The Chesterfield Wine Cooler

Chesterfield Wine Cooler

The Chesterfield Wine Cooler, mark of Paul Crespin overstriking Paul de Lamerie, London, 1727-1728. Museum no. M.1-199, © Victoria and Albert Museum, London

The Chesterfield Wine Cooler, mark of Paul Crespin overstriking Paul de Lamerie, London, 1727-1728. Museum no. M.1-199, © Victoria and Albert Museum, London

'Ice-Pailes', designed to hold a single bottle of wine and prominently displayed in a dining room, were a novelty introduced to England from the court of Louis XIV around 1700. The Jewel House of George II supplied this costly example (one of a pair, the other now in the Royal Museum of Scotland) as part of the ambassadorial silver for Phillip Dormer Stanhope, 4th Earl of Chesterfield when he was appointed English ambassador to The Hague in 1728. When he arrived he added a 50-foot dining room to the ambassadorial residence for entertaining.

Chesterfield was a great connoisseur and enthusiast for French culture and the design of this cooler was based on Paris-made silver of 1710–20. The cast dolphin handles and the four panels chased with the Elements (Fire, Air, Earth and Water) are found on drawings of silver made for the French court. Perhaps Crespin, known for the French character of his silver, supplied the pair to Paul de Lamerie as a subcontractor.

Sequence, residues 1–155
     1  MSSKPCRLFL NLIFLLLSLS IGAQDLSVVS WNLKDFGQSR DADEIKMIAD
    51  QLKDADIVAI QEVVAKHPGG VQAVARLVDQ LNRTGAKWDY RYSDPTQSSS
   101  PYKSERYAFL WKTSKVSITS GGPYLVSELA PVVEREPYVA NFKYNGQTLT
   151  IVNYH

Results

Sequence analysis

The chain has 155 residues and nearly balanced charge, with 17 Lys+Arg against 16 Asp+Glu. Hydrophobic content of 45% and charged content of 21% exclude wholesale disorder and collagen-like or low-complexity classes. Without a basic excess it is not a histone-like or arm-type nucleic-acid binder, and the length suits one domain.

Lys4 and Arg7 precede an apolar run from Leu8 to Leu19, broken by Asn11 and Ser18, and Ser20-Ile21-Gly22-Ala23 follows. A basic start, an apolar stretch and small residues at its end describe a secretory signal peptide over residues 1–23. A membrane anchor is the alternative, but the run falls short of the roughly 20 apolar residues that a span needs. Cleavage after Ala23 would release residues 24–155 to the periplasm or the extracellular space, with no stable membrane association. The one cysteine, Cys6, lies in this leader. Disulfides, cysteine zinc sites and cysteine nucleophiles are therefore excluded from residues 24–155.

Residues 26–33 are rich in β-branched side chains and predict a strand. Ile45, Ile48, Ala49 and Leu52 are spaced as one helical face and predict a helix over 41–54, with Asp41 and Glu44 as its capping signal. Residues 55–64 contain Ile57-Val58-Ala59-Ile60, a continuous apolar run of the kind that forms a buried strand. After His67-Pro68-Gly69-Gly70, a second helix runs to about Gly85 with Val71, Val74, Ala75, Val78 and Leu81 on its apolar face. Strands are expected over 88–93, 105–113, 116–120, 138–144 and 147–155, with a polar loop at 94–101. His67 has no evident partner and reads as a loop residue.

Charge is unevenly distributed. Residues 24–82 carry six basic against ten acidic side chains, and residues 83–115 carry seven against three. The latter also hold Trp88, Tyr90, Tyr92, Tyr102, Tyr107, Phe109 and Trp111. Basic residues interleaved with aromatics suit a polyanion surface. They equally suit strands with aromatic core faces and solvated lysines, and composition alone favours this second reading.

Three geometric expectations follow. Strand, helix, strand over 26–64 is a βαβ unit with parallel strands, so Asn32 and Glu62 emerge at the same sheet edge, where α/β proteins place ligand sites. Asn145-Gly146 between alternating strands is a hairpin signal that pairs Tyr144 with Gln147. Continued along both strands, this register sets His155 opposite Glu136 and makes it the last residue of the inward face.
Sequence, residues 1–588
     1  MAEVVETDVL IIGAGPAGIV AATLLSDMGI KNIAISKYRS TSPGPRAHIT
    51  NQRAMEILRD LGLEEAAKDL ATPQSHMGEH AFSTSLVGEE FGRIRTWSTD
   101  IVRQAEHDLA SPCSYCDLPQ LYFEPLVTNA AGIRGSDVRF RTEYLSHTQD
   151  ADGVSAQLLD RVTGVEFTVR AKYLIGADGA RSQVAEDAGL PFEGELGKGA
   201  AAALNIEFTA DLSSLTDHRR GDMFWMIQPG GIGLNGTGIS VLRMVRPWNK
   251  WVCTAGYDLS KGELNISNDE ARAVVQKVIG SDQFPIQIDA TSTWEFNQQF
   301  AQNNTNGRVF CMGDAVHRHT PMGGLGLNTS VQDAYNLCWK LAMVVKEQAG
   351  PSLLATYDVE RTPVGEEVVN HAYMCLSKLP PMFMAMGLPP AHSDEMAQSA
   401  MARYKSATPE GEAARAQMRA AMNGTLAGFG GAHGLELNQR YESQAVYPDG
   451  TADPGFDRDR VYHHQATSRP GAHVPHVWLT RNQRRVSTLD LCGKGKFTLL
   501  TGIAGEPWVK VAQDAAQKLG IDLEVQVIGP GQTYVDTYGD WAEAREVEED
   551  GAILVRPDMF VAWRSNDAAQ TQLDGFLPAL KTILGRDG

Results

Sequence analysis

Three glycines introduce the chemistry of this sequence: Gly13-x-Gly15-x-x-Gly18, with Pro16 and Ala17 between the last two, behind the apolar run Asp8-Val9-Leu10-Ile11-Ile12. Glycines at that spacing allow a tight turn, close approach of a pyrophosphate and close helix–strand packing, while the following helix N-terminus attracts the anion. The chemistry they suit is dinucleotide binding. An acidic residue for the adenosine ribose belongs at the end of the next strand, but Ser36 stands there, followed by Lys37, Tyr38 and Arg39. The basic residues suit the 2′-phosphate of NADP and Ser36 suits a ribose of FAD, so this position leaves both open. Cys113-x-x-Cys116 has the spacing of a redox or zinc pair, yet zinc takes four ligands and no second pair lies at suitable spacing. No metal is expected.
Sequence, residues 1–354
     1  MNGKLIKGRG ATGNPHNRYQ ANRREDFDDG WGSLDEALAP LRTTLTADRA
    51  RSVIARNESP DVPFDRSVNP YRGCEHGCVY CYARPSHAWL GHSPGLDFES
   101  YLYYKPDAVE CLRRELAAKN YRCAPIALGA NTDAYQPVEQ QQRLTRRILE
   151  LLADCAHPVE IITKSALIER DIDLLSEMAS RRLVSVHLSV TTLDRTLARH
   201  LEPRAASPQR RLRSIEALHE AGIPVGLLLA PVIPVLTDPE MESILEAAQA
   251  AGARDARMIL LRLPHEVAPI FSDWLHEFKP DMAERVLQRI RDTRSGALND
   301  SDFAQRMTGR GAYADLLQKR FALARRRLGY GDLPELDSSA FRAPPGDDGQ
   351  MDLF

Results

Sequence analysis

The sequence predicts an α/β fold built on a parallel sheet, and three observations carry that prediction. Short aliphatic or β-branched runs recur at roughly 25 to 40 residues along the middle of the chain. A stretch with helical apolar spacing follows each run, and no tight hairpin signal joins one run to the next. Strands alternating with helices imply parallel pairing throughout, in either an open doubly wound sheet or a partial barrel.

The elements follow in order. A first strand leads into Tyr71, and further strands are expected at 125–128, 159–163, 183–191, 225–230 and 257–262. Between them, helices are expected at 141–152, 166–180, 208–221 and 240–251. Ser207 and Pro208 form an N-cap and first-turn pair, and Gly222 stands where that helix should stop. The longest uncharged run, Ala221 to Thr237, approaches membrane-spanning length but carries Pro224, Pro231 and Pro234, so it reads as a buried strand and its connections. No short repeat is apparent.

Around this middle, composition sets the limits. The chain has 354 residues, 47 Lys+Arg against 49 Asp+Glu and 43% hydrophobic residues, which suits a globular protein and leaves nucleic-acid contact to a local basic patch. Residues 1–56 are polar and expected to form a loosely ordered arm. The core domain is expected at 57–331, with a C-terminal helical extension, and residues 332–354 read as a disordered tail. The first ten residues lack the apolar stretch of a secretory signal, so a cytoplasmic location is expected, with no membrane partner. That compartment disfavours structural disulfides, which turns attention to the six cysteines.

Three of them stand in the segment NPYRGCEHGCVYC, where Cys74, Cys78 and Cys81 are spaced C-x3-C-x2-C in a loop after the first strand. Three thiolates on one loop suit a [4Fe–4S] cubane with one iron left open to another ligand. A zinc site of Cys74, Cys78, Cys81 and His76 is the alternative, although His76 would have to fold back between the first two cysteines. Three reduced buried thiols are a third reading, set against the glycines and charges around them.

The Jewel House held some second-hand French silver, used as  models by the London suppliers. Chesterfield's issue also included candlesticks made by Elie Pacot of Lille as well as exact copies with Paul Crespin's mark.

Purchased with assistance from the National Heritage Memorial Fund, National Art Collections Fund and others.

The Chesterfield Wine Cooler.
Mark of Paul Crespin overstriking Paul de Lamerie, England (London), 1727-1728.
Museum no. M.1-199

Purchased with assistance from the National Heritage Memorial Fund, National Art Collections Fund and others.

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